Now, let it be considered, that Irenæus was the disciple of Polycarp, who was the disciple of the Apostle John; and this testimony will have great weight in confirming the fact, that the Gospels were written by the Apostles, some time after they began to preach; and that, wherever the apostles went, they preached the same Gospel to the people.

EUSEBIUS, to whom we are obliged so often to have recourse, as a witness of ancient ecclesiastical facts, does not fail us here: "Those admirable and truly divine men," says he, "the Apostles of Christ, did not attempt to deliver the doctrine of their Master with the artifice and eloquence of words. . . . Nor were they concerned about writing books, being engaged in a more excellent ministry, which is above all human power. Insomuch that Paul, the most able of all, in the furniture of words and ideas, has left nothing in writing but a few Epistles.-Nor were the rest of our Saviour's followers unacquainted with these things, as the Seventy Disciples, and many others, besides the Twelve Apostles. Nevertheless, of all the Disciples of our Lord, Matthew and John only have left us any Memoirs; who, also, as we have been informed, were impelled to write, by a kind of necessity."

THEODORE of Mopsuesta, who lived in the latter part of the fourth century, has left us the following testimony:" After the Lord's ascension to heaven, the Disciples staid a good while at Jerusalem, visiting the cities in the vicinity, and preaching chiefly to the Jews; and the great Paul was appointed openly to preach the Gospel to the Gentiles.

"In process of Divine Providence, they, not being allowed to confine themselves to any one part of the earth, were conducted to remote countries. Peter went to Rome; the others.

elsewhere. John took up his abode at Ephesus, visiting, however, other parts of Asia.... About this time, the Evangelists, Matthew, Mark, and Luke, published their Gospels, which were soon spread over the world, and were received by all the faithful with great regard. . . . That numerous Christians in Asia having brought these Gospels to John, earnestly entreated him to write a further account of such things as were needful to be known, and had been omitted by the rest; with which request he complied."


By divers Christian writers of antiquity, it has been asserted, that Mark, the disciple and interpreter of Peter, at the earnest request of the brethren at Rome, wrote a short Gospel, according to what he had heard related by Peter. This testimony, among others, is given by JEROME, in his book of Illustrious Men.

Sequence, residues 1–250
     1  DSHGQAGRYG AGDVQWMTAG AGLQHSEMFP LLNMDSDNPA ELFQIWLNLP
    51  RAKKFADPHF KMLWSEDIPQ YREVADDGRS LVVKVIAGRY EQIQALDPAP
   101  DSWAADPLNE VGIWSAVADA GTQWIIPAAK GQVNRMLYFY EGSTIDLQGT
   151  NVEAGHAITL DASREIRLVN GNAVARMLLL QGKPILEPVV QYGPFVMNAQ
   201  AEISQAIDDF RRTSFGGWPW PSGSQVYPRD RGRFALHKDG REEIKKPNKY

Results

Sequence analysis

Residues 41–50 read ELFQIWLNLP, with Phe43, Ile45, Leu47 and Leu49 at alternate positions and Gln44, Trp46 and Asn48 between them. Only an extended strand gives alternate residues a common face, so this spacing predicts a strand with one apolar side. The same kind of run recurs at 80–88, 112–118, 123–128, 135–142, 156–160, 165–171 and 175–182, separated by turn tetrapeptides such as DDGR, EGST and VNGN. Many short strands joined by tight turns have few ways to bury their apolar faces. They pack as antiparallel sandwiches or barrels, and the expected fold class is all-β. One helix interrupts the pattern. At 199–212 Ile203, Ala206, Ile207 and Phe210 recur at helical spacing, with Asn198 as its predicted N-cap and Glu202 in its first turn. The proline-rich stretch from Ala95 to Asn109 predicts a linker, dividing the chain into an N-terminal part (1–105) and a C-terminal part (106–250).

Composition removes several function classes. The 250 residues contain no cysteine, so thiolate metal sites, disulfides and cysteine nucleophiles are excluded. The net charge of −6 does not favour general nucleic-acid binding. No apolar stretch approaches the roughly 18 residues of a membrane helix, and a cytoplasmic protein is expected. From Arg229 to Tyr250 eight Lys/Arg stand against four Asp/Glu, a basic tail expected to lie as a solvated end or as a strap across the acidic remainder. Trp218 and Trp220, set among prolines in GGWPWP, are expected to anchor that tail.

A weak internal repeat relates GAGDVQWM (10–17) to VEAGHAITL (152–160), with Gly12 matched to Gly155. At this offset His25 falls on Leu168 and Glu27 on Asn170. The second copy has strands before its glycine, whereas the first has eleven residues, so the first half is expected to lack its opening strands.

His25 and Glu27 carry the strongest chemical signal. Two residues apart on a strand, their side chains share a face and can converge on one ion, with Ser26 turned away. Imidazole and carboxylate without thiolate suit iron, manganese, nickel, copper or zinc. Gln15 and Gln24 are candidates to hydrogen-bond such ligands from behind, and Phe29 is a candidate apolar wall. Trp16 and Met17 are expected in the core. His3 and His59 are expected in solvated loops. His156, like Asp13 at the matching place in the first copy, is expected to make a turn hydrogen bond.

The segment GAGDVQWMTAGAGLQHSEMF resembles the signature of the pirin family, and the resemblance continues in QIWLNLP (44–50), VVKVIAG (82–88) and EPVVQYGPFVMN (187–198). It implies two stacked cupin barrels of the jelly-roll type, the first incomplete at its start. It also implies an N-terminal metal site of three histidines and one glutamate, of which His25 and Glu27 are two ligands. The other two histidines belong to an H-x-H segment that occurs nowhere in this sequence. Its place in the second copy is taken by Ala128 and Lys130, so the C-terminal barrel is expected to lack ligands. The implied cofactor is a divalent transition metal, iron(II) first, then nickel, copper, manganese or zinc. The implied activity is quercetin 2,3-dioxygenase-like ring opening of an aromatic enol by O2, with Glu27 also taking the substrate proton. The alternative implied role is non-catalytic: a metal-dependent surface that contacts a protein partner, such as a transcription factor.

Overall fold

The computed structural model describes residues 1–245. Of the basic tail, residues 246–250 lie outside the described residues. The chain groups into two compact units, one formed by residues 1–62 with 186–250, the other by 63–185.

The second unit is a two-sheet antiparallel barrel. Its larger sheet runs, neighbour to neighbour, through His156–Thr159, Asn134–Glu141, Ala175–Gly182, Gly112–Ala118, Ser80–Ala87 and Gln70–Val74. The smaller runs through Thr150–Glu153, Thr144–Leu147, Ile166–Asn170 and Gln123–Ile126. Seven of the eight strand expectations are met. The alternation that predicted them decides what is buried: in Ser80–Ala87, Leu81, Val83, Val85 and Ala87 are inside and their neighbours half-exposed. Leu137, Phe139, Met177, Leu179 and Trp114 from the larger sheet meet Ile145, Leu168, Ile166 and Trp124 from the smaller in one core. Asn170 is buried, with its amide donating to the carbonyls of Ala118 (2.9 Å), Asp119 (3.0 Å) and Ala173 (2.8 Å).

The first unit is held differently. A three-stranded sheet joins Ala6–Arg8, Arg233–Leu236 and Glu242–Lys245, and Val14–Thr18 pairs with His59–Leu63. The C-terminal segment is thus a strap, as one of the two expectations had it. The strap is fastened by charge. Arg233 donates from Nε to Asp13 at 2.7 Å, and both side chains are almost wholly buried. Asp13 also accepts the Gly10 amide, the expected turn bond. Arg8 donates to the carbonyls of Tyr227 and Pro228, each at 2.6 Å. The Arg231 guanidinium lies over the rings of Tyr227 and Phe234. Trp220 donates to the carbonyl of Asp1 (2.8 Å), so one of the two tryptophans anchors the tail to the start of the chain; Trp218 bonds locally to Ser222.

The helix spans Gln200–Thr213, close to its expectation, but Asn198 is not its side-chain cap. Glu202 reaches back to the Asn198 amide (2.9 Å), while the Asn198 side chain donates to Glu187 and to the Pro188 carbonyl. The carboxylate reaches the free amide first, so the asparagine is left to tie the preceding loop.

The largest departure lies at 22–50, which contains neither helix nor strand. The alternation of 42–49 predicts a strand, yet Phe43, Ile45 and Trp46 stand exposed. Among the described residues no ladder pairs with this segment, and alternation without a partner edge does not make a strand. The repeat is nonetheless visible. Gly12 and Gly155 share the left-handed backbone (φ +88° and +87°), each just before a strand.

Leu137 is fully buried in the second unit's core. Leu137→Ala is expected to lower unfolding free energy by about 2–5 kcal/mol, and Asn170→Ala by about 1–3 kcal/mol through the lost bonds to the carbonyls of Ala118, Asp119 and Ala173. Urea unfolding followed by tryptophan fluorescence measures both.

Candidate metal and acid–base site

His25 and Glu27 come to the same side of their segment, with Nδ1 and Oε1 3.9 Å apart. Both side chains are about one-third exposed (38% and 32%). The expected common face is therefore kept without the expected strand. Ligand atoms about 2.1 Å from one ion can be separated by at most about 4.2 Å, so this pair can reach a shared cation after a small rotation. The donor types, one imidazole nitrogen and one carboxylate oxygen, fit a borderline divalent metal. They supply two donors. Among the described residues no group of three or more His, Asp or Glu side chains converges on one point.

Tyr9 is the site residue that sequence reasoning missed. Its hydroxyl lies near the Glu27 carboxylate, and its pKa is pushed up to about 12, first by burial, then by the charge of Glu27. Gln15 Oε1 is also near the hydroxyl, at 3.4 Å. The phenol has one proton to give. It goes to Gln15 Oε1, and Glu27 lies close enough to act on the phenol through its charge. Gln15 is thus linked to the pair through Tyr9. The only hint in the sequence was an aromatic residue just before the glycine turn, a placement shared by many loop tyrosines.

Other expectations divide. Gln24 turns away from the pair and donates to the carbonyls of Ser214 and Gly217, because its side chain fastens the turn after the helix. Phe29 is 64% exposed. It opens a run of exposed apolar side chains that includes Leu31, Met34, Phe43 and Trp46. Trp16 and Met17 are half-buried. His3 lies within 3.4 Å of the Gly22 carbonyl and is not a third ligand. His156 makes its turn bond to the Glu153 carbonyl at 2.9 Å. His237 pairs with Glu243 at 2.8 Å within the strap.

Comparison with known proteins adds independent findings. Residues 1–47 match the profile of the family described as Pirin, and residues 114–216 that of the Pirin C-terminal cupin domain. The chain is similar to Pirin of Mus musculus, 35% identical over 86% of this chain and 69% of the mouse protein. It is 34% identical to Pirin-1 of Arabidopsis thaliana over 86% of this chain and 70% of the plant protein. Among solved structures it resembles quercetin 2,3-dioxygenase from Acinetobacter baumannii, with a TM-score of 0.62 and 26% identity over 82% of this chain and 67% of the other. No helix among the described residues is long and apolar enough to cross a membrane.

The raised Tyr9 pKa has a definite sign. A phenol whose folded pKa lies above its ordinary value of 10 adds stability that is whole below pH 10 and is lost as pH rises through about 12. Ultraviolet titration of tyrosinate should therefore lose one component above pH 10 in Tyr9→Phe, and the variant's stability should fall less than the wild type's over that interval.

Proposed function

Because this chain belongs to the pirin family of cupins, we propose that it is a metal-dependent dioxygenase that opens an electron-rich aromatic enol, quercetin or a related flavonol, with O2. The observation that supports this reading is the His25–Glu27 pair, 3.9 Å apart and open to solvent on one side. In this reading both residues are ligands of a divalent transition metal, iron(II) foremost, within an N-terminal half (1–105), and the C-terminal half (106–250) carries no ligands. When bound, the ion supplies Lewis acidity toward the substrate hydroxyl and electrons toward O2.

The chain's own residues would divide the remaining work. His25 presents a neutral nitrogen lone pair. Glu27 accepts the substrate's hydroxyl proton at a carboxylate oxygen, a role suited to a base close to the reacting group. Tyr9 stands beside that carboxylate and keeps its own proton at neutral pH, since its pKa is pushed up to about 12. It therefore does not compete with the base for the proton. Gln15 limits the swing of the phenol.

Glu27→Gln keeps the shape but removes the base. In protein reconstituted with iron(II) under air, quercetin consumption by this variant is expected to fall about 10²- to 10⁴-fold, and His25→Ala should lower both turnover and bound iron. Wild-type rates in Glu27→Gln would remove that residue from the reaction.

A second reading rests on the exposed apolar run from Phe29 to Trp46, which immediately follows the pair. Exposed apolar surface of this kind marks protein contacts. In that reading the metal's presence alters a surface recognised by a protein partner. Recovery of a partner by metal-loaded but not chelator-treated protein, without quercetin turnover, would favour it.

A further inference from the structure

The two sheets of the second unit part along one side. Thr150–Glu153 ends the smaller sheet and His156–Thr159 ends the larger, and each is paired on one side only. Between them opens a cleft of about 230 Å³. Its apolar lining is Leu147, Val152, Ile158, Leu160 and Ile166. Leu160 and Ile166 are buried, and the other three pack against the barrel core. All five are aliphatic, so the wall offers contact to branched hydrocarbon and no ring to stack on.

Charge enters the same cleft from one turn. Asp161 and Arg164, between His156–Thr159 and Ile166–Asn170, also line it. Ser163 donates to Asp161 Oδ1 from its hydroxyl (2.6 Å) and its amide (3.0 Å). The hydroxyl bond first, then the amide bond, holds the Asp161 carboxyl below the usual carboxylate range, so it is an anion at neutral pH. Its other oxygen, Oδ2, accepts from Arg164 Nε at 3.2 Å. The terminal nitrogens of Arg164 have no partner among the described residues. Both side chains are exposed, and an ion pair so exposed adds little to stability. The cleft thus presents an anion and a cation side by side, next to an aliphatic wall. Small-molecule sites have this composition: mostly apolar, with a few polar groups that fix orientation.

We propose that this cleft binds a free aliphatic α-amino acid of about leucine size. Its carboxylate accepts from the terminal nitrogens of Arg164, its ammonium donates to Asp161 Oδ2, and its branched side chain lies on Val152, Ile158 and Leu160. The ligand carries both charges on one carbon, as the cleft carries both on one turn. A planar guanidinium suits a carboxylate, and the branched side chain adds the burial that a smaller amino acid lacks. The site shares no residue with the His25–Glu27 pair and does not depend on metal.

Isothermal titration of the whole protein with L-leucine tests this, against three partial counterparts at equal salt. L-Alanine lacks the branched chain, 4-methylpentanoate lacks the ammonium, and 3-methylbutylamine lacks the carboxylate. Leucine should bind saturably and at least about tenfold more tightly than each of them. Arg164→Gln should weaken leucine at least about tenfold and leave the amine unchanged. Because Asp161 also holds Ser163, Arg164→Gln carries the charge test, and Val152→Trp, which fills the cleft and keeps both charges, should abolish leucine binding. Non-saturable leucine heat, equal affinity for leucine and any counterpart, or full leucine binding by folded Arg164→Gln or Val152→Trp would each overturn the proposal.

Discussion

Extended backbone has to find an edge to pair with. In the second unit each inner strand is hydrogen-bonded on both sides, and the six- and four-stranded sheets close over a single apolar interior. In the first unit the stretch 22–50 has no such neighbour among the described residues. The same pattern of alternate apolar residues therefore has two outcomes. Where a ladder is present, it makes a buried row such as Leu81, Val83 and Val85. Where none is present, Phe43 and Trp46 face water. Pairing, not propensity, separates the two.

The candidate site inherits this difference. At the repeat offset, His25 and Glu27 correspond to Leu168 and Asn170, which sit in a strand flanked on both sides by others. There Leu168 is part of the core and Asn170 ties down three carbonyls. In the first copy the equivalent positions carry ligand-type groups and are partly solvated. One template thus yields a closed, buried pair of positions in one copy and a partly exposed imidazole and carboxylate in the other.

It is probable, that Peter did not visit Rome before the reign of Nero; perhaps, not until Paul had returned a second time to that city, which must have been as late as the year A.D. 63, or 64. Now, as the brethren requested of Mark to give them, in writing, the substance of Peter's preaching, his Gospel could not have been written at an earlier period. And it would seem, if this fact be undoubted, that they had, until this time, never seen a written Gospel; and, probably, did not know that there was one in existence.

The Jewish war, according to Josephus, began in the year of our Lord 66, and ended in September of the year 70; when the city and temple were brought to desolation. Now, there is strong probable evidence, that the Gospels of Matthew, Mark, and Luke, were finished before this war commenced; that is, before the year of our Lord 66. Each of them contains the predictions of our Lord, respecting the destruction of Jerusalem; and there is no hint in any of them, that the remarkable events connected with this overthrow had begun to make their appearance. But there are some expressions in these Gospels, which probably indicate that the writers thought that these wonderful events were at hand: Such as the following admonition-"Let him that readeth, understand."

It is certain, that the Acts of the Apostles could not have been finished before A. D. 62, or 63, because the history which it contains comes down to that time. The Gospel by Luke, was probably written a short time before; at least, this seems to be the common opinion of learned men. Jerome supposes that he composed his Gospel at Rome; Grotius thinks, that